4 thoughts on “Gifted Children

  1. Martin

    Very interesting entry, much food for thought and reflection. Had no idea how tough this is as party only to the idyllic general perception of adopted children moving from a hard life to a happy life. Would be interested to know what sort of thing you mean by “to receive the help they so badly need then their life chances would be radically improved.” – is this the support and intervention of society early on i.e. pre going to school? Just want to understand what can be practically done to help, as doesn’t providing specific visible support at school reinforce to the children and their peers the feeling they’re different in some way?

    Reply
    1. admin Post author

      I agree that when a child has minor problems it may be better to help them ways which are not visible to the other children. Sadly, many children who have suffered neglect and abuse will have serious problems which severely impact upon their ability to cope in a classroom. They may be hyper-alert due to having become accustomed to fearful situations and so will have difficulty concentrating, they will be disruptive, controlling and have difficulties forming friendships. The reality of this behaviour is that the other children will already view them as ‘different’. They will often need one-to-one help from someone who understands the impact of early trauma. Only then can these children start to feel safe and secure and only then will they be able to start learning in a meaningful way. It is expensive, which is the big catch, but then every child adopted saves the state an estimated million pounds. Thanks for your comment. The title of my next post is for you!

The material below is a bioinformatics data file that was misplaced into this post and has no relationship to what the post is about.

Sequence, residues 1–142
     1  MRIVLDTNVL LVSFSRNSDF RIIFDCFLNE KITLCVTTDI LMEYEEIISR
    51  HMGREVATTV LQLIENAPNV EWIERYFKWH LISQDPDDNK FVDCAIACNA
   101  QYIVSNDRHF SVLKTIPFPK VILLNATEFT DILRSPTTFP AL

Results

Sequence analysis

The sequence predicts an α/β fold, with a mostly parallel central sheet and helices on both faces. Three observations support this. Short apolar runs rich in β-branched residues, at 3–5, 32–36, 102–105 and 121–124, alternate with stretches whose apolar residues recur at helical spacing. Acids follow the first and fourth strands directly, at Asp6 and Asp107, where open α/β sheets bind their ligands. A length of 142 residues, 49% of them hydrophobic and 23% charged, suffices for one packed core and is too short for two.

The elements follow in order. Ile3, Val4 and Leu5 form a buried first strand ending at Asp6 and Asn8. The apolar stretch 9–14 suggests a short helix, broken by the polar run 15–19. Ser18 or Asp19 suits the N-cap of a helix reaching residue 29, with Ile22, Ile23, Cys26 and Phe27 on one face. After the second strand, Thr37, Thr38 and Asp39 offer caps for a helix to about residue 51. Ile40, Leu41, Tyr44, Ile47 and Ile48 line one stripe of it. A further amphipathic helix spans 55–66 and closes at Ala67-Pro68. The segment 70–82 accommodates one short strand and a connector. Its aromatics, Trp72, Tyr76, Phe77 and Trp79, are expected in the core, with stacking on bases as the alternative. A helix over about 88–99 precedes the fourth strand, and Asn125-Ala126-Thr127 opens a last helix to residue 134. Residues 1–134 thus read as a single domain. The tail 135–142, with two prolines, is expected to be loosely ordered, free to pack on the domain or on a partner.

Reply
  2. Zoe hawes

    How reassuring to read your post. The adoptive mother of 2 girls everything you wrote about rings so true. I was trawling the web for funding options to get my hyper alert, controlling 8 year old a place in a small independant school locally rather than the huge local primary where she was drowning in big classes and so far behind despite being very intellegent. I have made the decision to home school for the moment – what a change in just a few months. No more screaming trantrums and learned helpless behaviours. She realised that she finally has a mummy who believes in her and wants to spend time with her. A little financial help would make all the difference now but it just isn’t there. The school had absolutely no idea about her needs and no resources to find out about them. Thank you for having the energy to blog about it. X

    Reply
    1. admin Post author

      You are welcome and thank you for reading and commenting. Teaching a child with trauma and attachment difficulties at home is a tremendous commitment. It is disappointing that your daughter’s school could not meet her needs and that there is nothing suitable for her locally. What you are doing is amazing.

      Reply